Friday, June 28, 2013

A look back with Swamp Thing: Careful! Scientists at work!

The Saga of the Swamp Thing #21 (February 1984), huh?  This is where our old pal Alan Moore made his American reputation by doing that Alan Moore thing of taking a previously existing character, picking it apart and figuring out what it's all about, then putting it back together in a startling new configuration.  Figuring out those implications previous writers either hadn't considered or considered and didn't know how to deal with.  Which character am I talking about?  General Avery Carlton Sunderland, CEO of the Sunderland Corporation.

Just joking.  Sunderland was a bastard before this issue and he continues being a bastard all through it.  But Moore had Sunderland make a little suggestion that got me to thinking about Alec and Linda Holland and just what kind of scientists they were.

Introduced by Martin Pasko and Tom Yeates way back in The Saga of the Swamp Thing #6 (October 1982), Sunderland bedevils the hell out of Swamp Thing and his friends.  Somewhere along the way, Sunderland became interested in the biorestorative formula Alec and Linda Holland were working on-- the one that led to their deaths and the creation of Swamp Thing.  Conventional wisdom at the time said Alec Holland's cells were saturated with the formula by a lab explosion and this is what transformed him into a plant creature when his burned body fell into the biologically-rich environment of the swamp.  Since Swamp Thing is a little difficult to come by in order to gain a sample of the formula, Sunderland goes to another source and has Linda Holland's body exhumed and examined.  His researchers find the formula "had collected in her body as well."

People's bodies pick up chemicals all the time from their environment.  If you work around toxins (for example, at an asbestos manufacturer or for the Kardashians), you take precautions, but there's always a risk you're going to introduce into your system dangerous chemicals.  And even if you don't, you may be highly exposed to substances you've never imagined right now simply due to your lifestyle.

Both Hollands knew the hazards of working with chemicals-- you treat any chemical as potentially dangerous and attempt to limit your exposure; I've had to read OSHA forms just to work with photocopiers-- and would have taken at least basic precautions.  And even if they considered the chemicals completely safe, they would be concerned about contaminating their work.  At the very least they would have worn goggles, smocks and gloves.  If the chemicals were toxic enough, they would have worn respirators or air-tight suits.  And if the substances were even more dangerous than that, the Hollands would have worked from behind protective glass of some kind.  But apparently, all of this was just not enough.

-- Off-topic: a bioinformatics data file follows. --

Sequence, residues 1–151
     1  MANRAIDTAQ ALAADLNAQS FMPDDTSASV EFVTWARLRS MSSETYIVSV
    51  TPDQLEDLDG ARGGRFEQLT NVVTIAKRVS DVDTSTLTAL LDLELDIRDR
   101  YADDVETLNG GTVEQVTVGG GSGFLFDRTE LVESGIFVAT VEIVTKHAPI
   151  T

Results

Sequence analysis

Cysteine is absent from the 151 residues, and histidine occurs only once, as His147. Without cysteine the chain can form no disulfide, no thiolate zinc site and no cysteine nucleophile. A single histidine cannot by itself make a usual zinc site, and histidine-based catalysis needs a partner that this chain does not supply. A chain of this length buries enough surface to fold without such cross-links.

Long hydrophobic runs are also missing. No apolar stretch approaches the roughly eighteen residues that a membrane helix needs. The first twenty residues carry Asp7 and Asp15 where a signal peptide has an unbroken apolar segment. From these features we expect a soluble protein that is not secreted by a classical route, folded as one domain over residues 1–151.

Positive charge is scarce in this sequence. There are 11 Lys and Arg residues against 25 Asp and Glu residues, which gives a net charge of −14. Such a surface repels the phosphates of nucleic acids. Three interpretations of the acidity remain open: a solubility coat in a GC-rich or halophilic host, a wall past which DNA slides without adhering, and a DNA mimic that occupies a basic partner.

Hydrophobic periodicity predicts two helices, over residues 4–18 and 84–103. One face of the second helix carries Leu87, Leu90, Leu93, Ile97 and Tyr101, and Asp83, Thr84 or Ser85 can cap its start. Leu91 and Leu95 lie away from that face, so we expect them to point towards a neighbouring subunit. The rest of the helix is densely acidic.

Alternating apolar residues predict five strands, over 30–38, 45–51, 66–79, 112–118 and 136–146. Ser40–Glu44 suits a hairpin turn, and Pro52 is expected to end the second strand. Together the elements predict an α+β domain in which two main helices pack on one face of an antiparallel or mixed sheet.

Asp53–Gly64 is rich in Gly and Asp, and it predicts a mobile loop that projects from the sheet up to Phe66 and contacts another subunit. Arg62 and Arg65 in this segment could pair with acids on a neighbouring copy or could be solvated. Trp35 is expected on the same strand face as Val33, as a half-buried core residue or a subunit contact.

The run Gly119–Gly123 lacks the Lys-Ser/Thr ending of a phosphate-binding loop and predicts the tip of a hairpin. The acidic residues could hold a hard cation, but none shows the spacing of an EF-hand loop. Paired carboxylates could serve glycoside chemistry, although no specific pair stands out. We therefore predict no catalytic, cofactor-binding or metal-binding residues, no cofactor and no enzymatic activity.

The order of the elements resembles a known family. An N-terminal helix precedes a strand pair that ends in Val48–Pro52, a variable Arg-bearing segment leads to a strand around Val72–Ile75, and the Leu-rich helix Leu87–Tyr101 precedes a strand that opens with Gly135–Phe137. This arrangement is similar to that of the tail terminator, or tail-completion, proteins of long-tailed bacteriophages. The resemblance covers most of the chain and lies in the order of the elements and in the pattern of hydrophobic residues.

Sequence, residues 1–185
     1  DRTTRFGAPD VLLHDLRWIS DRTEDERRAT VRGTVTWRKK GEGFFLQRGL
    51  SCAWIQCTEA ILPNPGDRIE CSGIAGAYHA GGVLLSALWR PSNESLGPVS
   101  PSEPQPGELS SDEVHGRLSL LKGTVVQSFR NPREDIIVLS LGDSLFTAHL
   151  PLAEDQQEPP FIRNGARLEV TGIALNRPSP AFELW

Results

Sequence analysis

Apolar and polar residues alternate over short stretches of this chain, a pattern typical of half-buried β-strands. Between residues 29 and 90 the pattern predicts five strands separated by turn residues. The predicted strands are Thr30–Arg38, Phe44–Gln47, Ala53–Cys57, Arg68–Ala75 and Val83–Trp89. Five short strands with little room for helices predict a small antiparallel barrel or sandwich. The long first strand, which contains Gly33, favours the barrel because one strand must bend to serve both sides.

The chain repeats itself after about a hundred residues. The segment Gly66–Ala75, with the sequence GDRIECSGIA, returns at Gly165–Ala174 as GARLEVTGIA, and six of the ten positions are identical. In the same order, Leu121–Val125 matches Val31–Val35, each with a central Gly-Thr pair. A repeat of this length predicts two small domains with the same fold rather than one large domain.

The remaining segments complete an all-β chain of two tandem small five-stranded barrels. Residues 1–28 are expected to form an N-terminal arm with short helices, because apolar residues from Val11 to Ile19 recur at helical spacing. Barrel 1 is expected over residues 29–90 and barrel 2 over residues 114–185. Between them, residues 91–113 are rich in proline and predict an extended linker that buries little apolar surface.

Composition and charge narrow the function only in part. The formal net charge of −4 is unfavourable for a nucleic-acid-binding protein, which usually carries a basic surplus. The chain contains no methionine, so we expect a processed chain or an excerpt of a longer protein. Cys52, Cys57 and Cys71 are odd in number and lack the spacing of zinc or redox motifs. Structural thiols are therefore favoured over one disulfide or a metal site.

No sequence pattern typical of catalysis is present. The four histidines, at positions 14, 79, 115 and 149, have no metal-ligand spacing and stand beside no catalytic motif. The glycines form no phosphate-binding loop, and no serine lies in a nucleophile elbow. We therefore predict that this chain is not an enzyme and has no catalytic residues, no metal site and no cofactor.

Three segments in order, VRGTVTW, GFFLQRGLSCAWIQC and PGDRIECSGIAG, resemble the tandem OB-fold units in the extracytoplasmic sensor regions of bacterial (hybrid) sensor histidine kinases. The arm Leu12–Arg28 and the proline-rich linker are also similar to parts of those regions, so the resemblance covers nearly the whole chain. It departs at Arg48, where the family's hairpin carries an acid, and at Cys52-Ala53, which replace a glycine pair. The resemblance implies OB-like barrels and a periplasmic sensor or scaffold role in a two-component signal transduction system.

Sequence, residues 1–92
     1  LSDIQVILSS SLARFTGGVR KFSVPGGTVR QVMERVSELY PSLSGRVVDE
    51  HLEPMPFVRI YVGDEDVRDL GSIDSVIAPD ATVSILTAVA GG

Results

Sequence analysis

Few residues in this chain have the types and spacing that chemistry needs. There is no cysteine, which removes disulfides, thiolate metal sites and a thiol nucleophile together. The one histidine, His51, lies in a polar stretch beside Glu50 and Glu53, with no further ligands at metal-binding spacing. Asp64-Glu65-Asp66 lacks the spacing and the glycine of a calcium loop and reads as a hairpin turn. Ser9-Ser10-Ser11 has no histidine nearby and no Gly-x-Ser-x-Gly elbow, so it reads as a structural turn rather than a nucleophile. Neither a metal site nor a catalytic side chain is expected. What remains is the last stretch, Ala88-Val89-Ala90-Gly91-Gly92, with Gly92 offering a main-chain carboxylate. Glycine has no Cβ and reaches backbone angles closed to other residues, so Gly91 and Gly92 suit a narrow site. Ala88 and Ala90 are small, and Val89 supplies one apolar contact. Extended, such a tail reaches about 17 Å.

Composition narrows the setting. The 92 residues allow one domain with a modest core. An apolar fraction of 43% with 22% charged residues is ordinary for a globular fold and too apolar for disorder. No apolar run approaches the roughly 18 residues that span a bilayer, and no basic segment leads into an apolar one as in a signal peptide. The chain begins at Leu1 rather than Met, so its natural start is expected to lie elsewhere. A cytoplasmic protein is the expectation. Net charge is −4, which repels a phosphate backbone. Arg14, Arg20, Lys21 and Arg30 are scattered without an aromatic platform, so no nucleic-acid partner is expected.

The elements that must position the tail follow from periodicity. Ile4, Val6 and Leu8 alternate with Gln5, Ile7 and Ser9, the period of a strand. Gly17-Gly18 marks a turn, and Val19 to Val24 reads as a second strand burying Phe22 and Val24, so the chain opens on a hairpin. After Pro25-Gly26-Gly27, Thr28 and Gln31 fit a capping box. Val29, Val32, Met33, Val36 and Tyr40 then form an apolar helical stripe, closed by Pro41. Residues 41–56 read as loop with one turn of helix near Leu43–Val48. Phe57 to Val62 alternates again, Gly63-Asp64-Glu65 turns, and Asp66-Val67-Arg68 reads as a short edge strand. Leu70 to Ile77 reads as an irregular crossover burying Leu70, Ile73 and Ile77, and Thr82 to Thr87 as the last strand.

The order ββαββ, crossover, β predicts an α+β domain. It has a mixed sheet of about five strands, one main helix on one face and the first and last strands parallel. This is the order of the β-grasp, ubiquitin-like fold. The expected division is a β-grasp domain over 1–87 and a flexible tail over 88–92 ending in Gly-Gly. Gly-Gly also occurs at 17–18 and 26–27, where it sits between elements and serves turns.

And it lead to tragedy.  That aforementioned conventional wisdom-- what Sunderland and associates are operating under as this story begins-- states the formula transformed Holland.  Moore quickly disposes of this by having Sunderland remark there was no reason the formula would have affected Linda or, by extension, Alec.   It doesn't matter that Alec underwent a violent chemical reaction involving large amounts of the formula or that Linda had some in her cells as well when she was merely shot, embalmed and buried.  Their magic formula wasn't designed to work on human or animal tissue, only plant.  This sets up a major revelation partway through this issue, one that changes almost everything about Swamp Thing.  However Swamp Thing emerged, the central tragedy of this doomed couple always comes back to the biorestorative formula they worked so hard to create in hopes of feeding a hungry world.

And because Sunderland's piqued my curiosity, I'm wondering just how much of the biorestorative formula Linda's body contained.  Can we find out?  Of course.  Maybe not the exact amount, but we can at least make a rough estimate by engaging in a little time travel, a power unfortunately denied all the poop heads working for King Hell Poophead General Sunderland.

So let's journey back to November 1972 and look at Swamp Thing #1 by Len Wein and Bernie Wrightson.  Before we see what conditions the Hollands operated under, allow me to point out just how stupid it was of the government to put the two of them out in a swamp in the first place... for security purposes.  The government was so worried about the biorestorative formula falling into the wrong hands, they sent its creators to an easily-accessed farm house in a remote swamp and then protected them with a single police car.  In the DC universe, the Manhattan Project took place at a Mardi Gras party in New Orleans.

Okay, now lets see how these two genius smarty brain people carry out their research.  Wrightson probably drew a ton of cool-looking safet-- GOOD LORD!  Look at that!

They may have gotten results, but clearly the Hollands were an accident waiting to happen.  I'm surprised they didn't just eat or drink the stuff-- give it a grape flavor, add carbonation and throw themselves a Biorestorative Soda love-in on live television.  Now I'm thinking Linda Holland had LOTS of this junk in her system.  And when you think about all the fungi and microscopic plant life the human body contains--

It's probably just as well Alan Moore didn't put much thought into those gruesome possibilities!

Thursday, June 20, 2013

A typical afternoon at Larkspur High...

There it is-- my old alma mater, Larkspur High!  Just as I remembered it.  And what about Ms. Thomas and Mr. Mason, the hardest working science teachers in the district, if not the entire state?  Do they still work there?